Accessibility links

House Approves US Homeland Security Bill


Congress has given final approval to a homeland security bill that seeks to improve preparedness against future terrorist attacks, speed up responses to natural disasters, and strengthen port security. The measure may be supplemented by a separate action providing several billion dollars for the nation's ports and railways.

From lessons learned as a result of the government's poor response to Hurricane Katrina last year, to continuing steps linked to the September 11, 2001 terrorist attacks, the measure for the 2007 fiscal year covers a range of security priorities.

At nearly $35 billion, $2 billion above last year's levels, it directs funds to the nation's borders, coastlines and ports, as well as immigration and programs to protect against chemical and biological attack, and improve air and rail security.

Highlights include the addition of 1,500 border patrol agents, and funding for the US-VISIT program involving biometric screening methods at points of entry.

After a year in which the issue of security and foreign companies operations in U.S. ports became controversial, the measure provides over four-billion dollars for cargo inspectors, coast guard operations, and radiation detectors at ports.

Funding is also directed at helping the Department of Homeland Security ensure it can meet goals to have all containers screened at overseas ports, and eventually all machine-scanned for content at U.S. ports.

Homeland Security Secretary Michael Chertoff spoke about this in a recent appearance before Congress. "We expect to have deployed by the end of this year, radiation portal monitors that cover 80 percent of the [container] cargo coming into this country and we will be at almost 100 percent by the end of next year," he said.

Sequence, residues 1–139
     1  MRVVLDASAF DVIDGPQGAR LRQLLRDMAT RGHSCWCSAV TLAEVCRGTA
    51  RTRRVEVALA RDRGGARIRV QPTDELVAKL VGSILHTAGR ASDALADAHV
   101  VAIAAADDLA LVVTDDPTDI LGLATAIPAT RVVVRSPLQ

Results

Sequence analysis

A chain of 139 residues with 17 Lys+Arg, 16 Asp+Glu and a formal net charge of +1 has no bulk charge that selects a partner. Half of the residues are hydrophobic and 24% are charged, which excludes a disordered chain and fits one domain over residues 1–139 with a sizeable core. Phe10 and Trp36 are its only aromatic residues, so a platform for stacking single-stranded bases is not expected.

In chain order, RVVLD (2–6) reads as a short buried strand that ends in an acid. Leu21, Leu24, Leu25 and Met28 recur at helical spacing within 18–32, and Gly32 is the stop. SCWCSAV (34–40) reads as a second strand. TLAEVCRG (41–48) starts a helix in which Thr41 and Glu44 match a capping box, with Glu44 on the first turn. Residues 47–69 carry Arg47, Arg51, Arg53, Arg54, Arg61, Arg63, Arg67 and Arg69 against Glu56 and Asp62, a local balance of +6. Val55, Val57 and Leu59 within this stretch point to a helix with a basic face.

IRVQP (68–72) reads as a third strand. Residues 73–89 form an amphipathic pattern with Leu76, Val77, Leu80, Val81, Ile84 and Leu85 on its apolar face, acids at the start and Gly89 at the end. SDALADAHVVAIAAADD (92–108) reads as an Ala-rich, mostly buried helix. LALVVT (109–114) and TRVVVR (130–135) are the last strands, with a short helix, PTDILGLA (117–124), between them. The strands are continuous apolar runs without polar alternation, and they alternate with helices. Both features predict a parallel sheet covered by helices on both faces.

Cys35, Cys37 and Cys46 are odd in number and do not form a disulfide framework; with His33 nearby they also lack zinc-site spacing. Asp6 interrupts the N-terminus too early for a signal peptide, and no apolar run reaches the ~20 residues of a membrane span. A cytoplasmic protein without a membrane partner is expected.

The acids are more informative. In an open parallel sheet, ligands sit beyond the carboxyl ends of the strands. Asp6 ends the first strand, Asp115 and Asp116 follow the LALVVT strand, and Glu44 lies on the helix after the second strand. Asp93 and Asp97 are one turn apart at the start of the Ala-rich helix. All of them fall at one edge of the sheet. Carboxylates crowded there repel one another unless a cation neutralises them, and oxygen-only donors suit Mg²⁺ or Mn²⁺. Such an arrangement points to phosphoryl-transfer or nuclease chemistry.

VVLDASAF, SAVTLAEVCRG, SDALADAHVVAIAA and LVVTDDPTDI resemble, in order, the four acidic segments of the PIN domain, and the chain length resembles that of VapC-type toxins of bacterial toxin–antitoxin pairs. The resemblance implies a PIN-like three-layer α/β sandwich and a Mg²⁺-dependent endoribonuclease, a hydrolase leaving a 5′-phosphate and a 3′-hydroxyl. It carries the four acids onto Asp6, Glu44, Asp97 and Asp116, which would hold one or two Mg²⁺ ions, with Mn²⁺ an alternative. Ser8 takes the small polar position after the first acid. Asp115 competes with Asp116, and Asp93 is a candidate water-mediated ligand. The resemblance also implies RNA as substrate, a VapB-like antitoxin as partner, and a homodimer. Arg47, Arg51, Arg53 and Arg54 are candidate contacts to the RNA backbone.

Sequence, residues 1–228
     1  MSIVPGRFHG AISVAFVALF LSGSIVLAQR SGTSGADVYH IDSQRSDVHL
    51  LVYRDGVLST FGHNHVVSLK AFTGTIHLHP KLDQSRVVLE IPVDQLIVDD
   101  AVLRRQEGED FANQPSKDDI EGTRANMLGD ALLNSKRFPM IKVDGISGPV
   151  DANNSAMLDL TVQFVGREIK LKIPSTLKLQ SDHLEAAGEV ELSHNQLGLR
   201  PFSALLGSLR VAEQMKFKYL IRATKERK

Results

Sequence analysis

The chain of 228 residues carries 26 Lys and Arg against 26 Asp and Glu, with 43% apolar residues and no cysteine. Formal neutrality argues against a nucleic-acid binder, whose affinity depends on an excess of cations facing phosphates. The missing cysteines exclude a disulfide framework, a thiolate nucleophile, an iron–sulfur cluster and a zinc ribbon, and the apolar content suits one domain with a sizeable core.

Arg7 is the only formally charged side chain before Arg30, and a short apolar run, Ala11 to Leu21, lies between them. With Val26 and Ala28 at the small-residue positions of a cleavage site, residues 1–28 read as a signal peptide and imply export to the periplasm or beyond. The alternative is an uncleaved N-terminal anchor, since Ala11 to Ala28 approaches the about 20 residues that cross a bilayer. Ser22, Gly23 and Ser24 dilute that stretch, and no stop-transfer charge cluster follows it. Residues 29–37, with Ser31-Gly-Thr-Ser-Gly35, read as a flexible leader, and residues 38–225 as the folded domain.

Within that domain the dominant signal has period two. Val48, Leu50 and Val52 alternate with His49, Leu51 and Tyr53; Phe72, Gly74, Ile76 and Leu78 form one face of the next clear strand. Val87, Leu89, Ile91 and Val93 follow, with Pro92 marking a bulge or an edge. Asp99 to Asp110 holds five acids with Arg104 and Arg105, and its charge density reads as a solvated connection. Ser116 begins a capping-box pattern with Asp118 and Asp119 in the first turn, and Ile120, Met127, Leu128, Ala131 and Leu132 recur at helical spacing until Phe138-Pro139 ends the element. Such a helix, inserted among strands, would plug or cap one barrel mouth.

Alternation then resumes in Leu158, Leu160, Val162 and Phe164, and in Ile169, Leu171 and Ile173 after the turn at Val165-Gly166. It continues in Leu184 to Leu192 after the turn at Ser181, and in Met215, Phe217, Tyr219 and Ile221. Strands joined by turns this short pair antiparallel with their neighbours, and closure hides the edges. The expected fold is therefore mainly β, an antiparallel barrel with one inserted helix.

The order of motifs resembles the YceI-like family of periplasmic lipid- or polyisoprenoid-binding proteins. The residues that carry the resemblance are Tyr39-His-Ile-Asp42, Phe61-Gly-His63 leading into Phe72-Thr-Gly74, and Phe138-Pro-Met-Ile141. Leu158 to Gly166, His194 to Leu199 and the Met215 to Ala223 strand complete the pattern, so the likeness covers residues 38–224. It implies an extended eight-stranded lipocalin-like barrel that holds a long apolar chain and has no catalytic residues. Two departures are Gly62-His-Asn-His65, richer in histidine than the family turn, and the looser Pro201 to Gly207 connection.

In approving the measure, which was the product of House-Senate negotiations, lawmakers underscored the need to learn lessons from the past.

Congressman Harold Rogers of Kentucky recalled the security gaps revealed by the September 2001 al-Qaida attacks on the U.S. "Since that tragic day, a vigorous national debate over our vulnerabilities, fueled by historic levels of illegal immigration, has resulted in one very clear conclusion: We must do all we can to gain control over our borders and our coastlines, to preserve the sovereign integrity of our immigration system, and preserve the strength of our economy," he said.

The bill attempts to address some of the problems plaguing the Federal Emergency Management Agency (FEMA), sharply criticized in the wake of Hurricanes Katrina and Rita.

Bill Shuster, a Pennsylvania Republican, refers to provisions calling for a comprehensive structural overhaul of the agency. "This bill fixes and improves FEMA, with the leadership, authority and resources necessary to respond effectively to the next disaster," he said.

The legislation includes $3.5 billion for state and local first responders, such as firefighters and emergency workers who would react to disasters or attacks.

On transportation security, about six billion dollars goes to passenger and baggage screening, improving explosive detection, and air marshals.

On rail security, still cited by lawmakers as the most vulnerable part of the transportation system, $13.2 million goes for inspectors and explosive detection.

XS
SM
MD
LG